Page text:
A new West Garfield Park eatery, located at 2858 W. Madison St., opened on April 1 with a bang and a serious mission. Owner Joseph Black said that he hopes his new restaurant, called LiFE, improves the collective health of West Side residents and encourages them to treat each other better.

In the summer months, Black said, a vacant lot next to the restaurant will be open for yoga, Zumba and boxing classes. The North Lawndale native said that he ultimately wants his establishment to anchor a small renaissance of local economic growth that would entail refurbishing vacant buildings and creating job opportunities for area residents.

Black, a North Lawndale native who graduated from Southern Illinois University in 2006 with a degree in mass media and communications, is a serial entrepreneur who has launched a range of businesses, including film and landscaping companies.

He said that he got into the restaurant business because he didn’t like the hard reality he confronted when he’d drive around his neighborhood looking for healthy food.

“I got tired of driving around looking for something healthy, or at least something healthier than average, to eat,” he said. “So, I decided to open my own place.”

The current menu includes salads, tacos, sandwiches, seafood dishes, meat and vegetable bowls, smoothies, wraps and loaded potato meals. It also features vegetarian options. Black mentioned that he deliberately avoided fast food staples such as jerk chicken or wings, because he didn’t want to undercut local fast-food stands.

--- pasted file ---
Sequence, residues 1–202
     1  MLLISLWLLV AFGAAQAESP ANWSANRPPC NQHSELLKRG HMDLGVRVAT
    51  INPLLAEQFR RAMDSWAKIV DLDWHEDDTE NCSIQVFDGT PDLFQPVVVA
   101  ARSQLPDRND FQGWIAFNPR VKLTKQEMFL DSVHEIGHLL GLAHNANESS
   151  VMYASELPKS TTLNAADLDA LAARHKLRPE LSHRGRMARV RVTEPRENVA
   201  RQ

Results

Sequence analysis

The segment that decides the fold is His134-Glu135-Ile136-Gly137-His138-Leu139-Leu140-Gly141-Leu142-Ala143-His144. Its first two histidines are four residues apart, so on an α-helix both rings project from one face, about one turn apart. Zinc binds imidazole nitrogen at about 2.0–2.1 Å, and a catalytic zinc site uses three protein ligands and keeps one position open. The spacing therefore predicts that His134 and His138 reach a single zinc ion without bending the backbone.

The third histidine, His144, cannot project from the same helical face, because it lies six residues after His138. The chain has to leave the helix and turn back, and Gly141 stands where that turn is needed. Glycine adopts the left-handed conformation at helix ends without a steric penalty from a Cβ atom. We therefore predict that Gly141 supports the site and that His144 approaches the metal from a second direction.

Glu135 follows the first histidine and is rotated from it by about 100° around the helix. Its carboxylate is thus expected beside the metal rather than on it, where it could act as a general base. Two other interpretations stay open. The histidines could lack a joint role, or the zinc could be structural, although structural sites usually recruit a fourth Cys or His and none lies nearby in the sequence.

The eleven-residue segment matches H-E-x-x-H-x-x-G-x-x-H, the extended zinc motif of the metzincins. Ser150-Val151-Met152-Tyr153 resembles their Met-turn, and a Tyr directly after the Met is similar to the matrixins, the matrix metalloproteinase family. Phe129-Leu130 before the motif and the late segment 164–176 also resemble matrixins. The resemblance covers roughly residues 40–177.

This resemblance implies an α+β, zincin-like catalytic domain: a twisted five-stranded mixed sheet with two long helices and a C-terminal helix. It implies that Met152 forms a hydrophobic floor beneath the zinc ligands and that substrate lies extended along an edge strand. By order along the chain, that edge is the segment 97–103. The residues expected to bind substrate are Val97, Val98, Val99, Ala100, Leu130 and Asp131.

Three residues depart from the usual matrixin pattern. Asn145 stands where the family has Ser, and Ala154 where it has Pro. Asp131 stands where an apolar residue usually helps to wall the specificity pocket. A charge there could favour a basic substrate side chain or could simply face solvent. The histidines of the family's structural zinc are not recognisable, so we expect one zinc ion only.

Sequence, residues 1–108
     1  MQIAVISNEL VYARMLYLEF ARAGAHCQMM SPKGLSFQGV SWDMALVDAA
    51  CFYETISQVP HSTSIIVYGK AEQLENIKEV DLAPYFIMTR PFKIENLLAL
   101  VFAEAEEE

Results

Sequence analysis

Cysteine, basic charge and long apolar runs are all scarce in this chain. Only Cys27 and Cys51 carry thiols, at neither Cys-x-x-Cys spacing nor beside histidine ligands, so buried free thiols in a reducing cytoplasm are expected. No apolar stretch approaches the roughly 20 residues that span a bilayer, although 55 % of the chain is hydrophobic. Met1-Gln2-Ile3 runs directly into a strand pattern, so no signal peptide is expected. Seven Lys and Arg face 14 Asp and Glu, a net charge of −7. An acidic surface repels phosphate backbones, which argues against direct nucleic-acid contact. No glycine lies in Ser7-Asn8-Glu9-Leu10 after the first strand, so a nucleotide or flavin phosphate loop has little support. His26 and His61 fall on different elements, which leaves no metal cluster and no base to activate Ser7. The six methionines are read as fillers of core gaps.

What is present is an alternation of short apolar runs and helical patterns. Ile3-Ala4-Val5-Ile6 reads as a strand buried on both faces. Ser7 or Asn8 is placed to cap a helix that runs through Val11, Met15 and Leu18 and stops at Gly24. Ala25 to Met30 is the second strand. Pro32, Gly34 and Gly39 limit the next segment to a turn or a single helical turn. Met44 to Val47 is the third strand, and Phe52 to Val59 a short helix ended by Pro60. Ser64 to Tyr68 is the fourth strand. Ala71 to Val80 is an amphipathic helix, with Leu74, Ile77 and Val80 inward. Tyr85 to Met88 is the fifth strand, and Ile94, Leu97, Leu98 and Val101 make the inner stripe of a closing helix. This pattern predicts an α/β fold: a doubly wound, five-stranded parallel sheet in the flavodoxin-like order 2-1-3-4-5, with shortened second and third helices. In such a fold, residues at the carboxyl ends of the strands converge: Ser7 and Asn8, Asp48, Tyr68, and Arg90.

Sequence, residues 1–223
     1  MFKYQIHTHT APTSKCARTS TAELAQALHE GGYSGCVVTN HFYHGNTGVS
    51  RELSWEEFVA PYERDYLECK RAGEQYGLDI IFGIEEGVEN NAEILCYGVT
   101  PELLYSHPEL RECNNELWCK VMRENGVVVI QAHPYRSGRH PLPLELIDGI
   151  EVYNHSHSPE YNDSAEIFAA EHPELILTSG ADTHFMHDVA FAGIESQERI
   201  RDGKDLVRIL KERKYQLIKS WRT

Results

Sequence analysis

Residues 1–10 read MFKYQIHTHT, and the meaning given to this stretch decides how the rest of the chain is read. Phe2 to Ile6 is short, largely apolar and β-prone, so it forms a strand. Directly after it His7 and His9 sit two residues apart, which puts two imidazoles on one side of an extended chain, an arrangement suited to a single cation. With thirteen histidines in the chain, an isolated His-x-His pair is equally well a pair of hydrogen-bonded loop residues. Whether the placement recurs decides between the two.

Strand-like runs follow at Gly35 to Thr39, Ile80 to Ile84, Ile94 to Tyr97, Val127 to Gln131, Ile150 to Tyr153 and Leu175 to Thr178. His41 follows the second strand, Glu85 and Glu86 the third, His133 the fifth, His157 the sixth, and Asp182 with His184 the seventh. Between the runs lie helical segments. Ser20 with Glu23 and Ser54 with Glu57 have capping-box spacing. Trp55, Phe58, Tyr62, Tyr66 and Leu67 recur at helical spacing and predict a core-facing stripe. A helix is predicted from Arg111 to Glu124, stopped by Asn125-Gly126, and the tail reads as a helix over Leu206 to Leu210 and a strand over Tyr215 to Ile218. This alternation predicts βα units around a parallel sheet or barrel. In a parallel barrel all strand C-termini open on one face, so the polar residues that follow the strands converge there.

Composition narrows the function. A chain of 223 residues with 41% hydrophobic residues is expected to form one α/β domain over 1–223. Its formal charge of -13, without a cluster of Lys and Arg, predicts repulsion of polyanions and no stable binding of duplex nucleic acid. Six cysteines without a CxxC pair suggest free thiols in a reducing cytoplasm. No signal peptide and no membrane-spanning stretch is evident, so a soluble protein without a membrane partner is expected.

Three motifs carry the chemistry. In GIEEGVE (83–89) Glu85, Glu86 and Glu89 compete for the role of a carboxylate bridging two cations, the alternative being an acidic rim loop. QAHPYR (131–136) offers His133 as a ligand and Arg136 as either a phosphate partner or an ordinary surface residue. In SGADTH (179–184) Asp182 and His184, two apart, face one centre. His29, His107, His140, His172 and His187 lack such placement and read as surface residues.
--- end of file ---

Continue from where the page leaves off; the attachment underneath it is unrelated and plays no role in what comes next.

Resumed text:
Many of LiFE’s menu offerings are named after community leaders and other inspiration figures. The turkey burger is named after 28th Ward Alderman Jason Ervin. One of the smoothies is named Akkeem, the middle name of Black’s father, Reginald, a former gang member who served nearly 20 years in prison for murder before becoming a respected community activist.

Black said that leaving the ‘I’ lower-case in the eatery’s name is a design detail that carries with it a deliberate message. He wants to emphasize the pronoun in order to encourage customers to take responsibility for their choices and actions.

“Too often, we blame anyone, but we don’t blame ourselves” he said.

The lowercase ‘I’ might also emphasize respect for each person’s individual humanity, which he alluded to when referencing his restaurant’s design.

“You see there’s no bulletproof glass here,” Black said of the eatery’s open layout. “We are not animals, we’re people. We don’t need to be served through a cage.”

“This is nice, very nice, and clean,” said Ervin after the ribbon-cutting ceremony. “This is something different. Healthy food is good for the neighborhood.”

Michael Cohen, who mentored Black through a United Airlines youth mentoring program, said that he thought LiFE would benefit the community.

“I think it’s a great place to open, because it’s obviously a poor, poor area,” he said. “[LiFE] is going to help kids who might not get a job anywhere else.”

In addition to serving food, Black said, the restaurant will serve up opportunities with programs like the ambitious “I got a $5 on it” initiative.

“If we can get one million people to donate $5 once a month, we’re going to get $60 million [a year],” Black said. “We invest it in small business projects. We can open 5,000 business in United States, and we can hire three people. “

Black also said that he wants to raise money to improve abandoned buildings.

“We’re going to have a party where we’re going to raise money to buy buildings in the community,” he said. “And we’re going to hire each other to fix them.”